Incident Command System
The campus will respond to crisis situations using the standards of the nationally recognized Incident Command System (ICS). The Incident Command System enables one or more responding agencies to initiate and conduct coordinated response to an incident. The priorities of ICS are life safety, incident stability and property conservation.
ICS is a management system that can be used to manage emergency incidents or non-emergency events such as celebrations. The system works equally well for small incidents and large-scale emergency situations. The system has built-in flexibility to grow or shrink based on current needs. It is a uniform system, so personnel from a variety of agencies and geographic locations can be rapidly incorporated into a common management structure.
In terms of ICS response during a crisis requiring response by local emergency personnel, the command of the incident will be relegated to the proper emergency response authority. Webster University personnel will concentrate on the safety of the campus community and property and provide assistance and support to the responder as requested.
Hallmarks of an ICS approach
ICS has a number of features that work together to make it a real management system. Standard management functions include:
Command/Management: Sets objectives and priorities and has overall responsibility at the incident or event. The individual designated as the Incident Commander has responsibility for all functions. In a limited incident, the Incident Commander and one or two individuals may perform all functions. In a larger emergency situation, each function may be assigned to a separate individual.
Operations: has the primary responsibility for developing the operations portion of the EOC action plan; assigns personnel in accordance with the action plans; supervises operations and determining the need for additional resources.
Planning: is responsible for collection, evaluation and dissemination of information related to the crisis and for the preparation and documentation of EOC action plans. This function also maintains information on the current and forecasted situation related to the emergency.
Logistics: is responsible for providing service and support, supplies, equipment, personnel and other resources. This function contains communication, maintenance, facilities, supplies and HR.
Finance/Administration: Provides accounting, procurement, time recording, and cost analysis.
Common Features of an ICS
Common Terminology: used for is used for organizational elements, position titles, resources, and facilities. This facilitates communication among personnel from different emergency services, agencies, and jurisdictions.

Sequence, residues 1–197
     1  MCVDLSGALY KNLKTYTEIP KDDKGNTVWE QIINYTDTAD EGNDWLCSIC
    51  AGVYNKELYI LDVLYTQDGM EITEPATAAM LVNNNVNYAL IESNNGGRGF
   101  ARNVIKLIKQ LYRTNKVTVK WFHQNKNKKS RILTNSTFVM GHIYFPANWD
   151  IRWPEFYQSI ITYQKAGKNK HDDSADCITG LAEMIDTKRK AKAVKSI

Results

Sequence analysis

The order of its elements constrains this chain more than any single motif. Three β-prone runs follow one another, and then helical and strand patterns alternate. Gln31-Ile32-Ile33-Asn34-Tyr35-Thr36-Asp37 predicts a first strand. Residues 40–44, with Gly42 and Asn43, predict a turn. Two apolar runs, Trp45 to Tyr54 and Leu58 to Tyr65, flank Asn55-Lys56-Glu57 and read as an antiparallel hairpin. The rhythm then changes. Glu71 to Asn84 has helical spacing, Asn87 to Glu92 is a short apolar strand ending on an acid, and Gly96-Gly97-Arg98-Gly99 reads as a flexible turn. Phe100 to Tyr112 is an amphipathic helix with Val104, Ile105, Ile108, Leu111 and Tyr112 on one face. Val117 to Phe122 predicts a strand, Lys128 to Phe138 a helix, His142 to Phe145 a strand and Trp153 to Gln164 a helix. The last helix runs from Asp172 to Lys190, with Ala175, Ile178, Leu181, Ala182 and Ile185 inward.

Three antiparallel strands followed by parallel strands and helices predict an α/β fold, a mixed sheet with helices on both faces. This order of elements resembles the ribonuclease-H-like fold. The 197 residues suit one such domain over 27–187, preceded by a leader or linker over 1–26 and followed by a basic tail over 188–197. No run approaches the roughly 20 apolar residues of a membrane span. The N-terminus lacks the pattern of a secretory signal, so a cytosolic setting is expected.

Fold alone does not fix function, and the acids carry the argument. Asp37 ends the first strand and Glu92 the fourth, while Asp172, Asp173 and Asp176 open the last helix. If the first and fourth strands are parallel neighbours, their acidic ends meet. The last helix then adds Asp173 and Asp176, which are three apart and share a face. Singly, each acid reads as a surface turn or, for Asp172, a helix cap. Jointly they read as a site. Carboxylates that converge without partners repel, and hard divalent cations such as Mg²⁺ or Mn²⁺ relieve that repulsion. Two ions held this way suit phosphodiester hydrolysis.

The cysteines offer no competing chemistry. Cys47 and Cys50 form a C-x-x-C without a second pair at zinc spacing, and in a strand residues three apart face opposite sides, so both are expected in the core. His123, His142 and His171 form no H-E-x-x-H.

Modular Organization: Based on the type and size of the incident. Responsibility is top down and can expand as needed.
Use of Position Titles: use of distinct titles for all positions.
Unified Command Structure: Unity of command means that even though an incident command operation is a temporary organization, every individual should be assigned a designated supervisor. Chain of command means that there is an orderly line of authority within the organization.
Incident Action Plans: This is intended to provide supervisory personnel a common understanding of the situation and direction for future action. The plan includes a statement of objectives, organization description, assignments, and support material such as maps. An Incident Briefing Form may be used on smaller incidents. Written plans are desirable when two or more jurisdictions are involved, when state and/or federal agencies are assisting local response personnel, or there has been significant turnover in the incident staff.
Manageable Span of Control: Span of control is the number of individuals one supervisor can realistically manage. Maintaining an effective span of control is particularly important where safety is paramount. If a supervisor is supervising fewer than 3 subordinates or more than 7, the existing organization structure should be reviewed.
Organization Facilities: Names given to various facilities ... i.e. Command Post, Staging Areas, etc.
Integrated Communications: This includes synchronizing communications systems used throughout the university/college; interfacing disparate communications as effectively as possible; planning for the use of all available systems and frequencies; and requiring the use of clear text in communications.
Accountability: Continuous personnel accountability is achieved by using a resource unit to track personnel and equipment, keeping an activity log, ensuring each person has a single supervisor, check in-out procedures, and preparing assignment lists.
Emergency Operations Center (EOC): Overall management of the event shall be centralized in an Emergency Operations Center. The primary role of the EOC is to bring together all relevant information about the crisis into one place, organize that information and facilitate the coordination of resources needed to respond to the emergency. The EOC shall be located away from the affected area so as not to interfere with the Incident Command Post yet close enough to obtain information. The EOC shall have multiple forms of communication available, be capable of 24 hour operations and shall be secure from unauthorized access.
Activation of the EOC may occur when the size of the incident requires logistical support beyond what is available on-scene. It may also be activated when the emergency is likely to be of long duration and/or the magnitude of the event requires a unified command approach.